Hiking the Junk Paper Trail

This post is by contributing blogger Daniella Svoboda Schmidt, an experienced public school master teacher, a graduate of our M.Ed. program, and a humane educator specializing in engaging others in the positive power of food citizenship through The Thinkatarian Food Club. She currently lives in Germany with her husband and son.

How ubiquitous paper is in our everyday lives, from the daily newspaper, to paper packaging, books, magazines, and the "to do" notepad stuck to the fridge -- not to mention all the paper we use to keep clean.

According to the Environmental Protection Agency (EPA), the typical American uses on average the equivalent of one 100-foot-tall Douglas Fir per year in paper and wood products. It is easy to forget the obvious--that all that paper is more than just paper. How many of us really think of our pad of sticky notes as a part of a former tree, a 100-foot-tall Douglas Fir to be exact?

I find it quite a tragedy to know that the take-out menu for the local pizza joint that gets shoved through the mail slot uninvited was once a carbon-uptaking, photosynthesizing, air-cleaning, ground-stabilizing, soil-enriching, water-cleaning, fruit- or nut-producing (you get the point) living being with its own purpose in the web of life. And now it has the banal task of advertising the pizza deal of the month with free delivery for orders of over $15. And over our lifetimes, each of us uses a small forest of trees for our important and, far too often, mundane paper needs.

Of course, most of us who live in urban areas can easily recycle our paper, and we Americans have made great strides in keeping paper out of our landfills to be reused in new paper products. According to the EPA, Americans now recycle about 60% of their paper. But as always, we cannot rely on recycling and think that it is enough. Reducing our paper usage, and reusing the paper we have used--like using the other side of a sheet of paper to print and copy on--need to be steps that occur before recycling. Recycling is our last resort, and the last step in the "reduce, reuse, recycle" mantra. Some even argue that paper recycling is problematic and that the benefits of recycling paper may not outweigh the environmental costs of sorting, transporting, and processing it into usable paper again.

Now that I have lived outside of the United States (in Japan, and currently, Germany), I have some perspective on how much unsolicited paper (aka Douglas Firs disguised as junk mail) came to my home back in Seattle. From catalogs to the daily credit card offers, to credit score reports, loan offers, surveys, etc., my mailbox was inundated daily. I never realized that this was unusual until I moved abroad. Both in Japan and Germany, I receive a mere two or three pieces of mail...now brace yourself: A WEEK. I find it such a pleasure to go to the mailbox and find it empty, as it most often is. What a refreshing contrast to the overwhelming assortment of oddly sized envelopes and slippery magazines spilling out when I opened the mailbox each day back in the U.S. And, going through the mail after a long vacation is an experience I care not to revisit! All those beautiful trees for a pile of junk mail that I never wanted in the first place.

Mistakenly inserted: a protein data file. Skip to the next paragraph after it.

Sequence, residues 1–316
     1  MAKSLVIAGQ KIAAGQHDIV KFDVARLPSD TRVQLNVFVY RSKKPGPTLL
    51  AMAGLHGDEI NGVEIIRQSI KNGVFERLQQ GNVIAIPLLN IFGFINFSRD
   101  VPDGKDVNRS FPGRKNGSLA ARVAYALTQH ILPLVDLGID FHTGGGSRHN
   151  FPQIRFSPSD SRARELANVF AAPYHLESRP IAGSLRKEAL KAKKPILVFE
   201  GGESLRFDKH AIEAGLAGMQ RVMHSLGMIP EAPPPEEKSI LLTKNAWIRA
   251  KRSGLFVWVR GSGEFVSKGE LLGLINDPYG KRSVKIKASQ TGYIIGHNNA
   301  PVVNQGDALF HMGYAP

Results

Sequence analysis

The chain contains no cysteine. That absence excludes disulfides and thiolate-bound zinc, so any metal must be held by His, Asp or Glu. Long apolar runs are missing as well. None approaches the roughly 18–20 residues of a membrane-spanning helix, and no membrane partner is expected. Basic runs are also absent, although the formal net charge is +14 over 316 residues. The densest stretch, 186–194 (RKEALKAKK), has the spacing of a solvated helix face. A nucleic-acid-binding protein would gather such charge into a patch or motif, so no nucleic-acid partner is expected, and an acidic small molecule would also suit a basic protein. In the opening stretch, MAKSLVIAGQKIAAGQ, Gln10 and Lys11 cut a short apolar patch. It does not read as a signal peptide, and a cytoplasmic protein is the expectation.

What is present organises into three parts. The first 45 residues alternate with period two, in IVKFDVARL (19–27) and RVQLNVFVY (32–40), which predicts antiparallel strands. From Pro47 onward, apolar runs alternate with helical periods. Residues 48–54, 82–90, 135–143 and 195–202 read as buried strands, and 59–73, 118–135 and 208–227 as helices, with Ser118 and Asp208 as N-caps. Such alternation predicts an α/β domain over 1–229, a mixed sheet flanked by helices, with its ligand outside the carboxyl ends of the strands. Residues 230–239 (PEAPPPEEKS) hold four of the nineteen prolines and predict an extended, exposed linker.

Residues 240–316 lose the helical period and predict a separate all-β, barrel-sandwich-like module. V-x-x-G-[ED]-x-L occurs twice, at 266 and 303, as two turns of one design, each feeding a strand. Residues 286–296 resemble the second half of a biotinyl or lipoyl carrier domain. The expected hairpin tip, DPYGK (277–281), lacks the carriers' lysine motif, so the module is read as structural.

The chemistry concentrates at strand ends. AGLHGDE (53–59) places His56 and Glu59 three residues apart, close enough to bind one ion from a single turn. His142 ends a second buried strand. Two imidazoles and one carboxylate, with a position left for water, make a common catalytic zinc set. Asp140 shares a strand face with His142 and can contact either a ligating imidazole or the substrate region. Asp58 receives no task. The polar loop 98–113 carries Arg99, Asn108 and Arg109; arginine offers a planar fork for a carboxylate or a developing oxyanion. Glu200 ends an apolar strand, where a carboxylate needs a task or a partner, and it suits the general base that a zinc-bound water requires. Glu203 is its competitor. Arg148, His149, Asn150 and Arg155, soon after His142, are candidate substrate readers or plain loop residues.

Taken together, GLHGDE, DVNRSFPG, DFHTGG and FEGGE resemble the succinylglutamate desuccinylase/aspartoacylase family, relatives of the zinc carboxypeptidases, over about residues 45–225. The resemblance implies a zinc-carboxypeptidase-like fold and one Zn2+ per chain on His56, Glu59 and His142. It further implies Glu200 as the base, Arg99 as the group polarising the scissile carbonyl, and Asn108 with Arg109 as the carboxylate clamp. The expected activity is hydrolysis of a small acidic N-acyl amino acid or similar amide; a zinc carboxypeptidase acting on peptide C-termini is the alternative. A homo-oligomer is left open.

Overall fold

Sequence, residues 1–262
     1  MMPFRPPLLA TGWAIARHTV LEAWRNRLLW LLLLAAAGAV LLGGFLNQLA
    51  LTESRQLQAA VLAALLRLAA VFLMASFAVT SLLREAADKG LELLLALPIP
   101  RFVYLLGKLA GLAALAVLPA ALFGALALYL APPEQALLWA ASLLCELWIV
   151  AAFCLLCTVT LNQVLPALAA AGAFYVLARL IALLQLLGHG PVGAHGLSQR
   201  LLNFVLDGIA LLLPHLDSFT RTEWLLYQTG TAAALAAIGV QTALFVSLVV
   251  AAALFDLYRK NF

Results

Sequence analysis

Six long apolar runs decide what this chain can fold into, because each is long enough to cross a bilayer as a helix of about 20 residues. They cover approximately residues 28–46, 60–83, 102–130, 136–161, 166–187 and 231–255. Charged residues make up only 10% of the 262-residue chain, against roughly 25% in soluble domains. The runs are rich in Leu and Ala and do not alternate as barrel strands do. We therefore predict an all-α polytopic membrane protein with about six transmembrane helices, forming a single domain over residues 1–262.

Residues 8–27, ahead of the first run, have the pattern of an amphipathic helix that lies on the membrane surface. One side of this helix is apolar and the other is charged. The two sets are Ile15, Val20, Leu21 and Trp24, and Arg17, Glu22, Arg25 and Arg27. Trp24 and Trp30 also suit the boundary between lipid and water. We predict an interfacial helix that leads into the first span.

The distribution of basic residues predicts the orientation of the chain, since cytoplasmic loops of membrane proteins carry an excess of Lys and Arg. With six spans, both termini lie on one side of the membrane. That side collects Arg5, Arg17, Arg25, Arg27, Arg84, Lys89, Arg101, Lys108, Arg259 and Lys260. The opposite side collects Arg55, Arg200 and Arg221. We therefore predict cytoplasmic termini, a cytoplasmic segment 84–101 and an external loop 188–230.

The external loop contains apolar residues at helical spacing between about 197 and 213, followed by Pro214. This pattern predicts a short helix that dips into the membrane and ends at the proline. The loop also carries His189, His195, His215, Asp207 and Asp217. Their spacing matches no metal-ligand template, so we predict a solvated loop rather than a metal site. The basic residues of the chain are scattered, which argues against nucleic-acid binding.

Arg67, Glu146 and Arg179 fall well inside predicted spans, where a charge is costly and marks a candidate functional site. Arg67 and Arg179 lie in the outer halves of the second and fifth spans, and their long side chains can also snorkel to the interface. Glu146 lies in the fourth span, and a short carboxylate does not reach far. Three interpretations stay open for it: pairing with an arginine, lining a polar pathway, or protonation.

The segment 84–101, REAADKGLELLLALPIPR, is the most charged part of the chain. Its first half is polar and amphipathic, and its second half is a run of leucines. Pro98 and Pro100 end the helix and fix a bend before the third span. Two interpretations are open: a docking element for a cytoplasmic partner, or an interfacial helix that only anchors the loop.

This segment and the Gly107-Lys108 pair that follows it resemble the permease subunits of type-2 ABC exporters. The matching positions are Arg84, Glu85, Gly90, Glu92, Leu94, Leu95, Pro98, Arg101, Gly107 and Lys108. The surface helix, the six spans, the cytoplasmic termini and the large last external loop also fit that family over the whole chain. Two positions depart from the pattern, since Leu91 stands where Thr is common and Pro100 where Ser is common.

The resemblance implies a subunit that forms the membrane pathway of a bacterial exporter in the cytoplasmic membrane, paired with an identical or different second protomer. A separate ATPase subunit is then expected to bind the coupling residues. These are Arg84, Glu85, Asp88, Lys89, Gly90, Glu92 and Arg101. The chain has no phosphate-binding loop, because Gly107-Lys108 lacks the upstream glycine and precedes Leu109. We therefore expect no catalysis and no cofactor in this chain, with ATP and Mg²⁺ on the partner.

Two years ago, I contemplated a useful, non-material, and environmentally friendly gift to give my family back in the States at holiday time. I came across 41pounds.org, a non-profit organization that serves as your advocate for reducing your junk mail by 80-95% for a five year period. My family loved the gift of virtually no junk mail over the next five years, and, forgive me if I go out on a limb here, but I believe the Douglas Firs are pretty pleased with my gift as well.

If you'd like some additional ideas for stopping junk mail and thereby reducing your paper consumption Adam Bjerk has a post with some useful suggestions. How wonderful it would be if each of us got just the mail that we really needed!

When making small changes in my daily life to be kinder to the planet, like reducing my paper consumption, it helps for me to focus on a poignant fact or a visualization that reminds me of how important what I am doing is, though it may seem like a small contribution to conservation at that moment. From now on, when I'm taking that extra effort to politely refuse some unneeded paper napkins or reusing my paper bags for the umpteenth time before I recycle them, I will picture in my mind a regal Douglas Fir standing proudly in a forest and know that I am doing my part to save it from other far less noble reincarnations.

Image courtesy of Wunderboy via Creative Commons.

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